But in the end, what Gruber believed isn't the question in Halbig. The question is what Congress believed.
After covering the debate over health reform since it began in 2009, I feel completely comfortable saying Congress meant for residents of all 50 states to have access to financial help. It was never a question, during the five years I've spent writing about Obamacare, whether this would be case.
One theory advanced recently is that Congress intended to withhold subsidies from states that didn't build exchanges as a way to force them to build exchanges. This doesn't line up with the reality of the Obamacare debate: Congress was convinced that states would want to build their own exchanges. They never thought they would need to coerce governors into doing so.
If you search the archives in Politico, for example, you won't find a single story from the 15 months leading up to Obamacare's passage where governors griped about building exchanges. What you will turn up, somewhat ironically, is a letter that 20 Republican governors sent the White House in January 2010, about 10 weeks before Obamacare passed, praising the idea of state-based exchanges.
Legislators assumed (in hindsight, quite wrongly) that nearly all states would jump at the chance to build a marketplace — and, for the handful who couldn't get their act together, the federal fallback would be a complete stand-in. The idea that the federal exchange would be designed to hurt states rather than help them — forcing states into a dysfunctional health system where residents were forced through the mandate to buy insurance the government wasn't making affordable through subsidies — would have struck the law's drafters as absurd.
"It was always intended that the federal fallback exchange would do everything that the statute told the states to do, which includes delivering the subsidies," Condeluci told me earlier this week.
Since the Affordable Care Act passed, I've spent a lot of time writing about state decisions regarding health exchanges. When I worked at Politico in 2010 and 2011, my entire beat consisted of covering state Obamacare implementation. Lots of states began debating whether or not to set up health insurance exchanges; the issue of whether they might lose their subsidies never came up.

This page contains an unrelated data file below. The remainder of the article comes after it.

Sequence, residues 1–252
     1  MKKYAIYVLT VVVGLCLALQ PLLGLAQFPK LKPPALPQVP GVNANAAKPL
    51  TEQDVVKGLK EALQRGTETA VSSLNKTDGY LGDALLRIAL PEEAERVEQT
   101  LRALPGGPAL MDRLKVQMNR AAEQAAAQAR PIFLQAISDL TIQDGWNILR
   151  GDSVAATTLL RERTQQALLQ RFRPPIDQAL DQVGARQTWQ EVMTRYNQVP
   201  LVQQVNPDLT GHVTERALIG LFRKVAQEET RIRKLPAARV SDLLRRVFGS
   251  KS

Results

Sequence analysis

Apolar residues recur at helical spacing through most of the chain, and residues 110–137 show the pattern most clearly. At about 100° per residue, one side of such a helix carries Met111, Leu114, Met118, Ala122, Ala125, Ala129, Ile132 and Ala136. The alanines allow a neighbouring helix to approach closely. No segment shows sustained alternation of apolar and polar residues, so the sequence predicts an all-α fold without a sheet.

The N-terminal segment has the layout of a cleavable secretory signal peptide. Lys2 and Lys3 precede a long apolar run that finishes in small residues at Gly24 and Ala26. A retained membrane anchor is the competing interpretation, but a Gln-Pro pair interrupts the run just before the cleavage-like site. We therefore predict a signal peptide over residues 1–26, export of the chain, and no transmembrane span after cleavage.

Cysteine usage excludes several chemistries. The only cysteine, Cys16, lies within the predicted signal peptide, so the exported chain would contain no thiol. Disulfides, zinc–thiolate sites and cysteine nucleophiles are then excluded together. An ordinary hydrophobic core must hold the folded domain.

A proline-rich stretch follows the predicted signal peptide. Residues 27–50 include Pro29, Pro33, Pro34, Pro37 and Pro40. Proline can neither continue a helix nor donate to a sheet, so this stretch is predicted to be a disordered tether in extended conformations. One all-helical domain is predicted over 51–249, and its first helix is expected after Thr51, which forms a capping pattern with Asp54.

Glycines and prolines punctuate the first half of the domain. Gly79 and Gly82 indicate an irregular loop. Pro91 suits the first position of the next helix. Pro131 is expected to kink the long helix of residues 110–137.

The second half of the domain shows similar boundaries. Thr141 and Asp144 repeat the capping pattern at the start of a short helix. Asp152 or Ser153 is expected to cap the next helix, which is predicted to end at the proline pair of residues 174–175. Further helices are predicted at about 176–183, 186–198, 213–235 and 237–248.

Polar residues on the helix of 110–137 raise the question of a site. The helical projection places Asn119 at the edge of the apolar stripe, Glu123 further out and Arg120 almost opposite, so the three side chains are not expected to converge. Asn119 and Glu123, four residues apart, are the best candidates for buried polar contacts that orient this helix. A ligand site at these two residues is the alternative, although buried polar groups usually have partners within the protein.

When many states rejected the idea of building their own Obamacare exchanges, they did so knowing that building the new marketplaces was really hard and that the consequences leaving the task to the federal government were tiny. It was, for many governors, a win-win decision: the feds would step in and do everything necessary to run a marketplace if the state didn't build one — and that included delivering subsidies.
There is reasonable space in the Affordable Care Act's drafting to debate what the text of the law says — a question quite different from what it intends. That helps explain why two circuit courts came to two disparate rulings on the exact same case this past Tuesday.
But as someone who has covered Obamacare and the people who wrote it for five years, the argument that Congress actually didn't know how it intended for subsidies to work rings hollow: legislators knew exactly how the subsidies were meant to work, and they intended for them to work in every state, no matter who built the exchange. That idea was at the very core of Obamacare, and no one drafting or voting for the law intended to betray it.